Shedding too much Light on a Microcontroller's Firmware Protection

Proceedings of the 11th USENIX Workshop on Offensive Technologies (WOOT '17) - Vancouver, BC, Canada            CVE number 2017-18347

 

Almost every microcontroller with integrated flash features firmware readout protection. This is a form of content protection which aims at securing intellectual property (IP) as well as cryptographic keys and algorithms from an adversary. One series of microcontrollers are the STM32 which have recently gained popularity and thus are increasingly under attack. However, no practical experience and information on the resilience of STM32 microcontrollers is publicly available. The paper presents the first investigation of the STM32 security concept, especially targeting the STM32F0 sub-series. Starting with a conceptual analysis, we discover three weaknesses and develop them to vulnerabilities by demonstrating corresponding Proofs-of-Concept. At first, we discover that a common security configuration provides low protection which can be exploited using our Cold-boot Stepping approach to extract critical data or even readout-protected firmware. Secondly, we reveal a design weakness in the security configuration storage which allows an attacker to downgrade the level of firmware protection, thereby enabling additional attacks. Thirdly, we discover and analyze a hardware flaw in the debug interface, attributed to a race condition, that allows us to directly extract readprotected firmware using an iterative approach. Each attack requires only low-priced equipment, thereby increasing the impact of each weakness and resulting in a severe threat altogether.

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Firmware under attack

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Coldboot Stepping PoC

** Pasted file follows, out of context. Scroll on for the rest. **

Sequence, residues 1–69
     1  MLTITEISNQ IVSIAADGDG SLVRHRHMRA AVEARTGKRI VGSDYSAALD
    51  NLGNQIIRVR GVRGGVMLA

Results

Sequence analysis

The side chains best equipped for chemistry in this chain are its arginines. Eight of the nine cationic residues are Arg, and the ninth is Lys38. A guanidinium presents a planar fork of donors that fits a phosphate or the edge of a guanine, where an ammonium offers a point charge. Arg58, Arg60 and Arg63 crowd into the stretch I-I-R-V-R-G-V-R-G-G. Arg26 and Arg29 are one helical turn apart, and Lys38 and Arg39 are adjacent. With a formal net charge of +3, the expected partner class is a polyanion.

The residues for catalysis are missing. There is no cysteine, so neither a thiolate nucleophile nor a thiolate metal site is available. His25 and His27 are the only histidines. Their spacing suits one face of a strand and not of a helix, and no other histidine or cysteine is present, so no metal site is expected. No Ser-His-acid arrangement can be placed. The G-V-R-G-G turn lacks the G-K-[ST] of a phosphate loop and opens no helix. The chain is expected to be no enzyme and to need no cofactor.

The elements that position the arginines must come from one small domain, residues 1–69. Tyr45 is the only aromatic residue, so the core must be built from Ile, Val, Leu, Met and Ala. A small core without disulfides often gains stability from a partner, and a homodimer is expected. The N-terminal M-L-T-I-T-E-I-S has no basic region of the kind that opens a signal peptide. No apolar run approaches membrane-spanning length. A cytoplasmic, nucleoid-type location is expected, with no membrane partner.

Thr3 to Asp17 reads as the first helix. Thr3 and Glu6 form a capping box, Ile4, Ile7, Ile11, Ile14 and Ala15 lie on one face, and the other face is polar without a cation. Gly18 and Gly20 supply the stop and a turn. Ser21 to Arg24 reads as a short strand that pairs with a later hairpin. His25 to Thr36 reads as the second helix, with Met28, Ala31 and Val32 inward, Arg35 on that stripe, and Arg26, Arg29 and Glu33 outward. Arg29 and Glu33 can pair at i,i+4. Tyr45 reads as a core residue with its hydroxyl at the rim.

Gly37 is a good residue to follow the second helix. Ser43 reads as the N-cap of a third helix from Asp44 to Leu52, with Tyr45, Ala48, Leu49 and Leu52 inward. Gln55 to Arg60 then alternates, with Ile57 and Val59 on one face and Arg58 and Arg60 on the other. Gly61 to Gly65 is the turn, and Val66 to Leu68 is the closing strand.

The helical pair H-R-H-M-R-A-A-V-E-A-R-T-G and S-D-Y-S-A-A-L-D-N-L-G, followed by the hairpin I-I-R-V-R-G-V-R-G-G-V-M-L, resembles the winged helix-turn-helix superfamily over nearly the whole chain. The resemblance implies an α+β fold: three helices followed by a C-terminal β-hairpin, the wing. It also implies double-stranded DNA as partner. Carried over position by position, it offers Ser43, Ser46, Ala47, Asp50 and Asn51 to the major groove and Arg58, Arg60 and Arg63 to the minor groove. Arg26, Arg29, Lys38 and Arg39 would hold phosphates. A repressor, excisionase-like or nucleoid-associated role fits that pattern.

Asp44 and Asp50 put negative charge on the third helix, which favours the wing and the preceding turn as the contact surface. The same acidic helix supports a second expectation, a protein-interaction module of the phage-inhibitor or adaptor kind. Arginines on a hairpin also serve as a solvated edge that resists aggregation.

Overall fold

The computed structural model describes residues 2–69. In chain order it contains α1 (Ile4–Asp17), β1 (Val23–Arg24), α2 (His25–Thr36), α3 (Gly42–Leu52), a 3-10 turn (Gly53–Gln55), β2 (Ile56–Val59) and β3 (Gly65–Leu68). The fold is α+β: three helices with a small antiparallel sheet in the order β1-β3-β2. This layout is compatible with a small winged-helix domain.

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Firmware Extraction PoC

Authors

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Johannes Obermaier

Security Researcher

Fraunhofer AISEC
Parkring 4
85748 Garching b. München

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Stefan Tatschner

Security Researcher

Fraunhofer AISEC
Parkring 4
85748 Garching b. München

Laboratory setup for Cold Boot Stepping

By observing changes in SRAM, one can reverse-engineer the basic control flow, find out the usage of specific addresses and may also discover briefly visible secret data. The system is only allowed to run for a precisely controlled duration and is then stopped. The contents of the SRAM is read out and a snapshot is created. With well chosen and increasing runtime duration this is similar to stepping through the firmware, since only a few instructions are executed between each SRAM snapshot.

UV-C irradiation setup for Security Downgrade

The STM32 Readout Protection Level protection mechanism is based on the RDP and nRDP bytes in the option byte memory region. At the power-on event, the option bytes are loaded from flash memory and the corresponding RDP Level is set. We show by experiment, that a flaw in the implementation evolves to a practical threat. The option byte memory region can be modified specifically by UV-C light performing optical fault injection.

Setup for firmware extraction out of a device using RDP Level 1

The STM32F0 series microcontrollers use the Serial Wire Debug interface for debugging and flash programming. When a debugger becomes attached to this interface in Readout Protection Level 1, the flash protection logic cuts access to flash memory. Due to a race condition in the implementation not only a single access can be performed, but the whole firmware can be extracted from a microcontroller.